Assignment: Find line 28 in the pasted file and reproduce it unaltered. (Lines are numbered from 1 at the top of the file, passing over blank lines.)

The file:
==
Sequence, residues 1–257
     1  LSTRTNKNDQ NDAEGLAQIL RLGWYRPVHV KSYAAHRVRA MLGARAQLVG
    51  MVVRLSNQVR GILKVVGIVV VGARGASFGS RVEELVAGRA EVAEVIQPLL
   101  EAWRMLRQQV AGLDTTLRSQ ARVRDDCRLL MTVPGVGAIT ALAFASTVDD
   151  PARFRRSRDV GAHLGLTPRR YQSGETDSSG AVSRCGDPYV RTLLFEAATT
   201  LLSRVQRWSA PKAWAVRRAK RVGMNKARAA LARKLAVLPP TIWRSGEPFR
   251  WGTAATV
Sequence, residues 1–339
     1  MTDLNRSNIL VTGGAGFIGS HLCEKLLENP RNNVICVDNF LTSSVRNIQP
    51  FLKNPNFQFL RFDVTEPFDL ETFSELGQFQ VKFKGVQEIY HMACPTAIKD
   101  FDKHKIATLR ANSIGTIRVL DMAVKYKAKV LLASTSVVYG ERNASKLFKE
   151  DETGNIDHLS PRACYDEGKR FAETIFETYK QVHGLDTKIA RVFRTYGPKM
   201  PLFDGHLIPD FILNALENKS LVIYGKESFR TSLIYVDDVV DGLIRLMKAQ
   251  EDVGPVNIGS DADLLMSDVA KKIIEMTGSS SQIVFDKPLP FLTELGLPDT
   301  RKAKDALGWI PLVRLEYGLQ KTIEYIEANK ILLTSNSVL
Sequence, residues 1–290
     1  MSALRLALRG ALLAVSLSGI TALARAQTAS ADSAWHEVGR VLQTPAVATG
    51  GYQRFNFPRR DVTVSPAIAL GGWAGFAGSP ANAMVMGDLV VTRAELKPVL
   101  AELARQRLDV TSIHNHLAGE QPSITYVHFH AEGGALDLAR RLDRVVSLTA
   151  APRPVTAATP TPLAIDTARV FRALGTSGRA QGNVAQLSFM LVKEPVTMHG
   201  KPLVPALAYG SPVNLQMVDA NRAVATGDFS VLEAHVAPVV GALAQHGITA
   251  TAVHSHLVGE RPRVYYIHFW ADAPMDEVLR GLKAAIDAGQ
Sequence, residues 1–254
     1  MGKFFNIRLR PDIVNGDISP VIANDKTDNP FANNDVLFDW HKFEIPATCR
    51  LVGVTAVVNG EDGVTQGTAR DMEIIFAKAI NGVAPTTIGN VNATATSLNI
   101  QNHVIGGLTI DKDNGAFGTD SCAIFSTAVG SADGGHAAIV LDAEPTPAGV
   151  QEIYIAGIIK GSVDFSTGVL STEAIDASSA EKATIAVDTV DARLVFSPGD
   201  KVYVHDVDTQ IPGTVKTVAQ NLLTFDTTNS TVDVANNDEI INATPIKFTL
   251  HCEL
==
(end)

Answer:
   201  KVYVHDVDTQ IPGTVKTVAQ NLLTFDTTNS TVDVANNDEI INATPIKFTL